When the topic of legacies arises, who comes to mind?  For many, it is a former president, commander, etc.  There is often very little talk about those who have the most impact in another’s life, the people who impact others on a one-on-one basis.

In many families there is a lineage of veterans leading from WWII or Vietnam to today.  These proud vets may have impacted hundreds or even thousands of people without even realizing it.  Their words may have left a lasting legacy in the hearts and minds of those whom were touched.  Pericles, the ancient Athenian general, said, “What you leave behind is not what is engraved in stone monuments, but what is woven into the lives of others.”

There are thousands of Airmen, soldiers, sailors and Marines serving today who started off on a rocky path, but managed to turn it all around.  When asked, ‘why?’  The answer is always the same, “My supervisor pulled me aside and put me on the right path.”  “If it weren’t for him/her I would be out on the street, in prison or even dead.”

Former Chief Master Sergeant of the Air Force, David J. Campanale credited his supervisors at his first base for, “turning his attitude around.”  These lower level supervisors saw his potential, took him under their wing and steered him onto the right path.  He later rose to the highest enlisted rank in the Air Force.  What if no one had cared?

At this point there is very little question that anyone can have a lasting impact on others if they are simply willing to invest their time. What must be gained in order to leave a legacy woven into the lives of others? The most important thing is respect.  Earn the respect of another and their heart will follow.  It is earned by first respecting him or her and then by setting the right example.  According to a psychological study done by Elizabeth Brondolo, the number one quality desired by subordinates is the support and to know that “…their supervisors care about them.”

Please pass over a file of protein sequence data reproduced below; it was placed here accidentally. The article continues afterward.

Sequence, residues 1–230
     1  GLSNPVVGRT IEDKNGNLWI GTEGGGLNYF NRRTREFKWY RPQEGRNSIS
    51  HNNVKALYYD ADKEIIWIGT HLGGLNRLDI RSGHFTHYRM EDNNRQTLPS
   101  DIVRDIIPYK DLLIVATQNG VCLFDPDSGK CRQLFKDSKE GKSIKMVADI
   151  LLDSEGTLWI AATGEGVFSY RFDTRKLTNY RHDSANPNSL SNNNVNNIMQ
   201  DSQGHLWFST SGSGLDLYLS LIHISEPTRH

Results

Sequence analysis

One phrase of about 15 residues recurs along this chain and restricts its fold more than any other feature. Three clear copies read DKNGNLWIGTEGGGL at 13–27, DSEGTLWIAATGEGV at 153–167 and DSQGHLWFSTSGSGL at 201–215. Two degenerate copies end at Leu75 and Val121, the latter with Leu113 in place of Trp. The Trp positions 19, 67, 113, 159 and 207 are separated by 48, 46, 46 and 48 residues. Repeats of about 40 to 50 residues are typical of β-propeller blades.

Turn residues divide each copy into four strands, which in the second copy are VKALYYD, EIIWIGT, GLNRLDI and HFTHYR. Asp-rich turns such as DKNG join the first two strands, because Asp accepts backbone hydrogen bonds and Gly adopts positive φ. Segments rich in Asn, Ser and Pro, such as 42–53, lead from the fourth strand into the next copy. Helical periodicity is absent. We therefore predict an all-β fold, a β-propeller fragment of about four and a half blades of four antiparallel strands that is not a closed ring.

Caring enough to be truly honest with another is a quality many don’t have.  Many supervisors only care about making people happy or getting the mission accomplished.  They are counting on the respect afforded to them through rank and position of authority not on “earned” respect.  There are leaders people want to follow and there are leaders that force others to follow.  General Eisenhower said, “Leadership is the art of getting someone else to do something you want done because he wants to do it.” Respect is the easiest thing for a leader to earn; you simply have to be respectful.

When you truly respect someone and project that respect, they will follow suit. By showing you respect their time and do your best to get them out of the work center so they can make a family dinner. Encouraging them to make their child’s first day of school. Rolling up your sleeves and joining the team when short-handed. All the other things you would respect from your boss is what you need to do in order to earn their respect. Even those who do not like you personally can respect you and can find a way to work with someone they respect.

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